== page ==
When I was a child I was taught a simple little song that has stuck with me through the years. It began, “Jesus loves the little children, all the children of the world. Red, brown, yellow, black and white, they are precious in His sight.” I sang the song with gusto and conviction, and its simple message impacted my life. It helped me deal with issues related to race when public schools were first being integrated. It gave me a larger view of the people of the world and their need for the gospel. The little song is certainly consistent with what we learned in the last chapter. But there are some who question whether God’s atoning sacrifice includes “all the children of the world.” Did Christ die only for a select group of children or did He indeed die for all of them?
The truth that God is unlimited should give us great confidence as we embrace our mission to reach the world with the gospel. Since His power is unlimited, we can be assured He provides unlimited resources and His unlimited presence, as we will see in future chapters. God’s unlimited love prompted Him to send His only begotten Son as a sacrifice for our sin. Fully understanding that “God so loved the world that He gave” (John 3:16) should compel everyone who has responded to His love to take the message of His redeeming love to the entire world.
The greatest missionary of all time, the apostle Paul, declared, “For the love of Christ controls us, having concluded this, that one died for all, therefore all died; and He died for all, so that they who live might no longer live for themselves, but for Him who died and rose again on their behalf” (2 Cor. 5:14-15). The unlimited nature of God includes His provision for the salvation of all humanity.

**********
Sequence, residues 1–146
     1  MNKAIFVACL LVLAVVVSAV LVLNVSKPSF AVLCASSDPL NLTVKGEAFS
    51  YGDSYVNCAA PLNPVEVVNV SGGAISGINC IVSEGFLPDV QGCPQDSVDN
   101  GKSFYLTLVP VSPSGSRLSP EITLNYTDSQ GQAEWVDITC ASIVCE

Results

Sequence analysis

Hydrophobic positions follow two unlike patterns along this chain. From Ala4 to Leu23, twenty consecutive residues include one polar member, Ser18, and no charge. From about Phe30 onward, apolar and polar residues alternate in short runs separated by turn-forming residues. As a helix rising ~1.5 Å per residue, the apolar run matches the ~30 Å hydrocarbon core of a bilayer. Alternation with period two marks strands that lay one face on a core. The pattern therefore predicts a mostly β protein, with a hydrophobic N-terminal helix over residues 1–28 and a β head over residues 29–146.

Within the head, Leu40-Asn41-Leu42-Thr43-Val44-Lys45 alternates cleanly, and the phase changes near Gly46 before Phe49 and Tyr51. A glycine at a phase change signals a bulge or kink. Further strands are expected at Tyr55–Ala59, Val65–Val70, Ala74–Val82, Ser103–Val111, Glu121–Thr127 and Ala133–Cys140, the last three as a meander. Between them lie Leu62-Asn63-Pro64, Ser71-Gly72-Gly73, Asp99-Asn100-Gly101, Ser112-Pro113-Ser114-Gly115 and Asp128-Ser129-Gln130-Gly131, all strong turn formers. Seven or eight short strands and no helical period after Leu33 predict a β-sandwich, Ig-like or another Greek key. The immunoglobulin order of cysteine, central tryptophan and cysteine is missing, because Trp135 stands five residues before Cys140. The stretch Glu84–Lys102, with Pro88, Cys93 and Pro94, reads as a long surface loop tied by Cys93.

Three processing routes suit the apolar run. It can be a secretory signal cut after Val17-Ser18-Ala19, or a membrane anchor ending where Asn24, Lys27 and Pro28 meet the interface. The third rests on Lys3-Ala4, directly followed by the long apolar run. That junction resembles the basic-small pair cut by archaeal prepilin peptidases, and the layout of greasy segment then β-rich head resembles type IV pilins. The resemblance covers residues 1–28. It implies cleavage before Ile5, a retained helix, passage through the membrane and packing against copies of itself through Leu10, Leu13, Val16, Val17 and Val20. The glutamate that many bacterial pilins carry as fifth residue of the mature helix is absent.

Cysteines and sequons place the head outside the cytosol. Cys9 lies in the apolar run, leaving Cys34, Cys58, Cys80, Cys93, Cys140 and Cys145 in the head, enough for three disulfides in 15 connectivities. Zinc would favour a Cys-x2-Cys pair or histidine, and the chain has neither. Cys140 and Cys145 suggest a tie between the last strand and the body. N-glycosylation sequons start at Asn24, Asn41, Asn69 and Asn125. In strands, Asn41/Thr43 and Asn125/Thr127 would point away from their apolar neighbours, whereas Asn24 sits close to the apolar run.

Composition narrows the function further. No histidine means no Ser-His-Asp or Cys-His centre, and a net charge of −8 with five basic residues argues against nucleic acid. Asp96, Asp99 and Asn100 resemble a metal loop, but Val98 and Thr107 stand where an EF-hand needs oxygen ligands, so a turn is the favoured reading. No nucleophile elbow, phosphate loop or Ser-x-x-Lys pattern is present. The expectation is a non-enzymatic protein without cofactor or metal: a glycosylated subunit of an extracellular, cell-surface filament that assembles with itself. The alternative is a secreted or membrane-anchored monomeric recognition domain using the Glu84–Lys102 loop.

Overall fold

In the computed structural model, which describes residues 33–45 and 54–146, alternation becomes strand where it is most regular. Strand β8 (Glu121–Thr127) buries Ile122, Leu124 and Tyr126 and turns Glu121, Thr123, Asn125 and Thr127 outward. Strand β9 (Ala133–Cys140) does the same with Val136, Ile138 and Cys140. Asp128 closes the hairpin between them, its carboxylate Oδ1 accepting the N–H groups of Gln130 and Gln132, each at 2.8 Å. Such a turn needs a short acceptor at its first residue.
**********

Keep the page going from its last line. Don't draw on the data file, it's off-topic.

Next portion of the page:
In this chapter we will explore the extent of Christ’s atonement. I have friends and colleagues who teach that the atonement is limited to a special class of persons who were marked out for salvation before they were born. Is that true, or can we confidently witness to anyone and everyone with the assurance that the death of Christ is sufficient for all, exists for all, and is efficient for all who believe?
Unlimited atonement seems to be the obvious outworking of the unlimited love of God that is clearly manifest throughout the Bible. If God created everyone out of His great love, and He desires each one to have eternal fellowship with Him, then it follows that His atonement is sufficient for all. It is hard to reconcile the idea of a limited atonement with God whose love is unlimited.
Peter affirmed that God’s patience with sinful humanity was based on His desire that none perish: “The Lord is not slow about His promise, as some count slowness, but is patient toward you, not wishing for any to perish but for all to come to repentance” (2 Pet. 3:9). In writing to his young protégé, Timothy, Paul declared, “This is good and acceptable in the sight of God our Savior, who desires all men to be saved and to come to the knowledge of the truth” (1 Tim. 2:3-4).
Ken Hemphill, Unlimited
Good Questions Have Groups Talking are available that go along with Ken Hemphill’s book, Unlimited. They are available on Amazon, as well as a part of Good Questions Have Groups Talking Subscription Service.